I would like to get some feedback if there are any obvious flaws with this strategy of limiting my losses when there's a steep drop in stock price due to negative report after hours.

Suppose I own 100 shares of company XYZ currently trading at $200. The company is expected to report earnings after hours and I expect the earnings report to either be extremely positive or extremely negative. If the company reports positive results, the stock will rise by 10-15%. If the company reports negative results, the stock price will drop by 10-15%.

In an attempt to protect myself from a steep drop in stock price (and cash in if the price rises) I submit a stop-limit order at $185 - $192. If the company reports good results and the stock price rises after hours I earn 10-15%. If the company reports bad results and the stock plummets 15% to $170 I limit my losses at around $190 (5% loss instead of 15%).

I realize that this is a hypothetical example and I'm making several assumptions in this question including the fact that there is equal probability for the company to report good or bad results. But the main question is - is there anything that I might be overlooking that would prevent this strategy from working?

A few things I can think of off hand:

1) If the company reports bad earnings and the stock drops by 15% it might do so instantaneously (not slowly) so it is unlikely my stop limit order will ever get executed (Any truth to this?)

2) When a company reports bad earnings and I look at the chart the following morning it seems the price does fluctuate considerably after hours before it finally 'settles' at the 15% loss. Obviously, to take advantage of the high price point my order would need to be executed after hours. If my stop-limit order was submitted during regular market hours, would it be executed after hours?

3) Someone else could submit a similar stop limit order before I do and their order will execute before mine does as detailed in this response. Assuming there is limited demand at $185 - $192 my order may never get filled (obviously, the earlier I submit my order the more likely it will be that I will reduce my losses)

Anything else I missed?


  • On 2) it's also worth noting that you may be able to get low liquidity offers matched after hours but if trying to do this at scale there will rarely be enough liquidity after hours to fill your orders.
    – Philip
    Commented Jul 24, 2019 at 16:12
  • @Philip - In this specific situation where there is an earnings announcement and the news it very good or bad, resulting in a large price move, liquidity is much greater than after market trading for other days. The real problem is that price is a caffeinated bouncing ball and fills can be limited at a given price because price is moving very fast. The only way to be assured of size will be to elad price and that leads to poorer fills. Commented Jul 24, 2019 at 16:37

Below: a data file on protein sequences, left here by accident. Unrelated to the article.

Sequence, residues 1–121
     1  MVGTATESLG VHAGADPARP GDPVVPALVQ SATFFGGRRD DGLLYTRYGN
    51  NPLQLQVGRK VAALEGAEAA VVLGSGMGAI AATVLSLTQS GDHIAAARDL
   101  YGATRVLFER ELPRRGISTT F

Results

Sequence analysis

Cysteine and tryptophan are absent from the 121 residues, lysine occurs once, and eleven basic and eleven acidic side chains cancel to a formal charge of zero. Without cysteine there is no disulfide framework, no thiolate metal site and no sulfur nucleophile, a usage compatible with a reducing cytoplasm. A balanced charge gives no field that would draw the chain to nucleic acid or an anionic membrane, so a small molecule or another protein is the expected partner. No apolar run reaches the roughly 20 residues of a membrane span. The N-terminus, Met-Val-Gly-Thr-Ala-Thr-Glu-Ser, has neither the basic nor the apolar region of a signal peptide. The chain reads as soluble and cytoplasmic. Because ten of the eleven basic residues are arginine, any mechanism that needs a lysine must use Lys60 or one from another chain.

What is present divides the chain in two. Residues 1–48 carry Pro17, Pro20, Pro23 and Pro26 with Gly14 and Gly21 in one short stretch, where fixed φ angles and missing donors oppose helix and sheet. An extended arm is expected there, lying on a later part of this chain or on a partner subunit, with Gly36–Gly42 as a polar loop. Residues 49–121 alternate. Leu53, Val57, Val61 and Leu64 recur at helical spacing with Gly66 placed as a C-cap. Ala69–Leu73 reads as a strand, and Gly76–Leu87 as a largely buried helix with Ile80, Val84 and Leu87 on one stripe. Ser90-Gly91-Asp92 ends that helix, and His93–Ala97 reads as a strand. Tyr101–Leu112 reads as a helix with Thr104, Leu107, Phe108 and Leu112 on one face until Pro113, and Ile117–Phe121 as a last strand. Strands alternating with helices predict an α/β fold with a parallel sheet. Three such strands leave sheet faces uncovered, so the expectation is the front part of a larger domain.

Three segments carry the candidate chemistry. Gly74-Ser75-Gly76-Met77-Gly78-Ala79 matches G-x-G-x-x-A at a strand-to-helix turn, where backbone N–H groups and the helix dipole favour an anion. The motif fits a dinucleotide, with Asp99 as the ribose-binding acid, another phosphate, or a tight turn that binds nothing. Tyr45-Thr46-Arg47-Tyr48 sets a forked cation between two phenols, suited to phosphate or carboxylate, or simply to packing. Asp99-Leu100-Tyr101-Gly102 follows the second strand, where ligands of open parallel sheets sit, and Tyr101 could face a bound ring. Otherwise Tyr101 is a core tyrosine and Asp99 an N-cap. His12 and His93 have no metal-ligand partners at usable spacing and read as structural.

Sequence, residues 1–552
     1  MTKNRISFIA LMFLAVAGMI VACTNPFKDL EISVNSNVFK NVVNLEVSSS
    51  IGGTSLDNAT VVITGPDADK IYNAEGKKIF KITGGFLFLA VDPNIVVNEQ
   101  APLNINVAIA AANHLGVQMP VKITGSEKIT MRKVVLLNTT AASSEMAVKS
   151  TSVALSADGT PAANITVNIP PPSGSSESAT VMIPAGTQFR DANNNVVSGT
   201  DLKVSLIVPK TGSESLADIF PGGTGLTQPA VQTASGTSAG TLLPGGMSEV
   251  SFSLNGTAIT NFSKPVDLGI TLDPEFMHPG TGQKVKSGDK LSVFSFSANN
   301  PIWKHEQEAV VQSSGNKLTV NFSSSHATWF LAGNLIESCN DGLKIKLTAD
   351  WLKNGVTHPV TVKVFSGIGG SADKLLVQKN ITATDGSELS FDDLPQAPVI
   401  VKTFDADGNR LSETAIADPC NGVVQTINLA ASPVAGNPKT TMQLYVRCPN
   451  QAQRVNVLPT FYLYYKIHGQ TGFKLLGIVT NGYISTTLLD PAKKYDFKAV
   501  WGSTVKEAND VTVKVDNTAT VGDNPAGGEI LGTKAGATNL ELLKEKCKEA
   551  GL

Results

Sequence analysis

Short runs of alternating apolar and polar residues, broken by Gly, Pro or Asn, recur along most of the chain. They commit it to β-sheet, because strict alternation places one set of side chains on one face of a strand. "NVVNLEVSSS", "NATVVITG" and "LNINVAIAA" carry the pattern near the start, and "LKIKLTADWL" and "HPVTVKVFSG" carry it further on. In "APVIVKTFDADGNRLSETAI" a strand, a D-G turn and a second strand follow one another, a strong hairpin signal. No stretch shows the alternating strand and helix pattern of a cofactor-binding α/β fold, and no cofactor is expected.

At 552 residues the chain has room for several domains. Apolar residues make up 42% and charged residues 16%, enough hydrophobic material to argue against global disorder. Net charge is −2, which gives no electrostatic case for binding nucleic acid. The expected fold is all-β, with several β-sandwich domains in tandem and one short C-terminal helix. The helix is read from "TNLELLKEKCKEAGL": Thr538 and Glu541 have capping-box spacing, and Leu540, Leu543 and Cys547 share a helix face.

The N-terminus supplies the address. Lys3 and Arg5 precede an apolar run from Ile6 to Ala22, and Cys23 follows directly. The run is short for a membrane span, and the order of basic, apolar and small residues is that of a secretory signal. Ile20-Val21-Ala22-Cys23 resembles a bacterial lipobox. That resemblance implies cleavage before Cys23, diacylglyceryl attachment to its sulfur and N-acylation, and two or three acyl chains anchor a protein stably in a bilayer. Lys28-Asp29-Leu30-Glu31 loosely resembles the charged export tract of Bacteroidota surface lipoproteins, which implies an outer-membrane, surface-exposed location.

3 Answers 3


In #1, you ask if there's any truth to the possibility of a gap preventing a fill.

Yesterday, IRBT closed at $89.63 and reported earnings shortly thereafter.

At 4:01:04, price was huge at $85.00 x $89.62 (always reminding me of Black Monday in 1987). The first problem is that the wide spread effectively runs all stops from $89.62 down to $85. OUCH. For all you know, the bottom could have been being put in around $89.50 or so, just be a recovery. But you're out for as low as $85. The lesson? Stop orders are dangerous in after hours as well as for pending news.

Let's suppose that are the unluckiest stop-limit picker ever. You put in a stop limit at $84.75 / $82.75. At $85 bid, you're still good. Not even 1 second later, price is $82.11 x $85.18 and IRBT has barreled through your stop and your stop limit prices. Sorry, it's "No soup for you!" Costanza. And with no subsequent price rise above $82.75, you're on the road to a low of $69.75 today with trading now at $73.30 .

It took 7 seconds and 34,000 shares (a nothing burger for this stock yesterday during AH trading) to drop the bid to $75.00 so even a limit as low as $75.01 might not have been filled if enough people were ahead or you on the order book (34,000 shares).

Yes, there's truth to this and it happens frequently when there are gaps.

There is merit to having approval for after hours trading. You can take profits and limit losses, assuming that the B/A spreads are not Holland Tunnel wide as above. It's also effective for locking in gains on options if you're lucky enough to be on the right side of the move.